I guess my feeling at this point is that it's easy to write slow code in any language; I don't think it's reasonable to expect a language like Epoch to automatically speed everything up for you. So people who write GPGPU code in Epoch still need to be familiar with the realities of the platform, and write code accordingly. It isn't too hard to write Epoch code that cross-compiles into pretty efficient code, provided you know how to write good CUDA kernels in the first place.
Hmm, I went to brush up on my CUDA knowledge a bit (reading this), but coming from Java/C# it looks rather daunting. I'd like to think I know a thing or two about GPUs, but the syntax and semantics in CUDA makes it look like a whole new ballgame. For me it's easier to grasp the concepts by writing pixel shaders accessing constants and textures, than this CUDA stuff pretending to be a regular program.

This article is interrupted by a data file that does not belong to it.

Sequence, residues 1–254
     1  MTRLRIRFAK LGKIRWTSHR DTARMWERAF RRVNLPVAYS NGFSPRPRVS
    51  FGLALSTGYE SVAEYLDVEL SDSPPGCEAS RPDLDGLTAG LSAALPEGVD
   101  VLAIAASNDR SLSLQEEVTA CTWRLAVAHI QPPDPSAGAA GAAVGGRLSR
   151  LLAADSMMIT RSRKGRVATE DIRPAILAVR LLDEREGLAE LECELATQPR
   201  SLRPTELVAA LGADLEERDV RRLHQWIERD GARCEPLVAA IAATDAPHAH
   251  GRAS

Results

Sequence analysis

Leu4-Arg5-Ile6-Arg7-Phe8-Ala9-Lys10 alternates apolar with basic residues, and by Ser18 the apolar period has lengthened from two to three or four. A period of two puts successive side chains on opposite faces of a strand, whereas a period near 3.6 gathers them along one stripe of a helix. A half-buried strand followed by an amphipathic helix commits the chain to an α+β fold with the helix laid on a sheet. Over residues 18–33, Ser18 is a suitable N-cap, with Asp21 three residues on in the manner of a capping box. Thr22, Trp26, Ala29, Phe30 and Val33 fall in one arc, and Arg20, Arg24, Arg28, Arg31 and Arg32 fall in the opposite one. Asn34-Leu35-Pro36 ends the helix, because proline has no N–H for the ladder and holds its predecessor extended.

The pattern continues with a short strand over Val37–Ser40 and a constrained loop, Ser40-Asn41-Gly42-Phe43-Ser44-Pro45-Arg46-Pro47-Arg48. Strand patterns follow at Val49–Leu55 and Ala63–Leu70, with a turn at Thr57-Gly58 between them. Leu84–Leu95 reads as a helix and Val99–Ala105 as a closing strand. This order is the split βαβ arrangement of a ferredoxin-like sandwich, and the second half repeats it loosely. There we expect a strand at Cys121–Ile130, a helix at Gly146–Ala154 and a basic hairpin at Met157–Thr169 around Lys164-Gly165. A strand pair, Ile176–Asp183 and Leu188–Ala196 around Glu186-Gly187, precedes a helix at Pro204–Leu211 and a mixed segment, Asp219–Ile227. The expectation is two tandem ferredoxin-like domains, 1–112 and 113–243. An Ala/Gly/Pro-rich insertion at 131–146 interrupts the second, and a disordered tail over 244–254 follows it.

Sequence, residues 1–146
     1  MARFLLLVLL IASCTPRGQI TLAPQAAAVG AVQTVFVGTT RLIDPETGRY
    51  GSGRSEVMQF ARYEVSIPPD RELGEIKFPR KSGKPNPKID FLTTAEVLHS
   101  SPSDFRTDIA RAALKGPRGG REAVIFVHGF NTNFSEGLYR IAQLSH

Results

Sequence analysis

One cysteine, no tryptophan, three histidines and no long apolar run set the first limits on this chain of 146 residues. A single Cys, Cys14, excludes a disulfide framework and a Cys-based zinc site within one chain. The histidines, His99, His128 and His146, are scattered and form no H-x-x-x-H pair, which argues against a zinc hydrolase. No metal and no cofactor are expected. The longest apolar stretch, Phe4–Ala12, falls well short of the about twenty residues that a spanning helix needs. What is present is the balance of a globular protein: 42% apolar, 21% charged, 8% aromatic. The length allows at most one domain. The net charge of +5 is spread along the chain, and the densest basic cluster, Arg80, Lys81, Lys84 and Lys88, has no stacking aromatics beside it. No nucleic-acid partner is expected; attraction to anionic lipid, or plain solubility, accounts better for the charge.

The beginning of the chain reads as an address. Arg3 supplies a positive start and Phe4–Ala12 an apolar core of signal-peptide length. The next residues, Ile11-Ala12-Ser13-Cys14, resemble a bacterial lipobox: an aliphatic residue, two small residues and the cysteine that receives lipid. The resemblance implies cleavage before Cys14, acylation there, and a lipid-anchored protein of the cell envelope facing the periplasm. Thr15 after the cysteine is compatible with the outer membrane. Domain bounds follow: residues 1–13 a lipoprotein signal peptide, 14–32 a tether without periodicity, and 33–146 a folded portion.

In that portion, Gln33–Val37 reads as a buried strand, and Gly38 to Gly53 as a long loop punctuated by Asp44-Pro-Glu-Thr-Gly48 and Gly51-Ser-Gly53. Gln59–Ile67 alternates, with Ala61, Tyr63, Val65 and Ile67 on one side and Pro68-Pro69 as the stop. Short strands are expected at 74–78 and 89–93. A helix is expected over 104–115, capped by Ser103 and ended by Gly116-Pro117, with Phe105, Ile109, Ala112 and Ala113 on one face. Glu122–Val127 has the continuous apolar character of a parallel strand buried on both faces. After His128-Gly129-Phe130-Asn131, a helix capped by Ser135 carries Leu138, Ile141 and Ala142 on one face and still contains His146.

On the other hand, Epoch looks a lot friendlier to write with the transparent marshaling and failover. Like any complacent programmer I'm sceptical about new languages, but I have to say Epoch is slowly winning me over [smile]

From what I read there's quite some optimization to be done on typical CUDA code, particularly memory access, to make it run perfectly. Is this something you want to expose in Epoch as well? I personally subscribe to the idea that if there's no value in running code on the GPU without optimizations, it's probably safe to say the calculation is conceptually not worth running on the GPU in the first place. So what I'm trying to say is that I'd be perfectly fine with Epoch not exposing this.

Edit - gotta type faster [smile]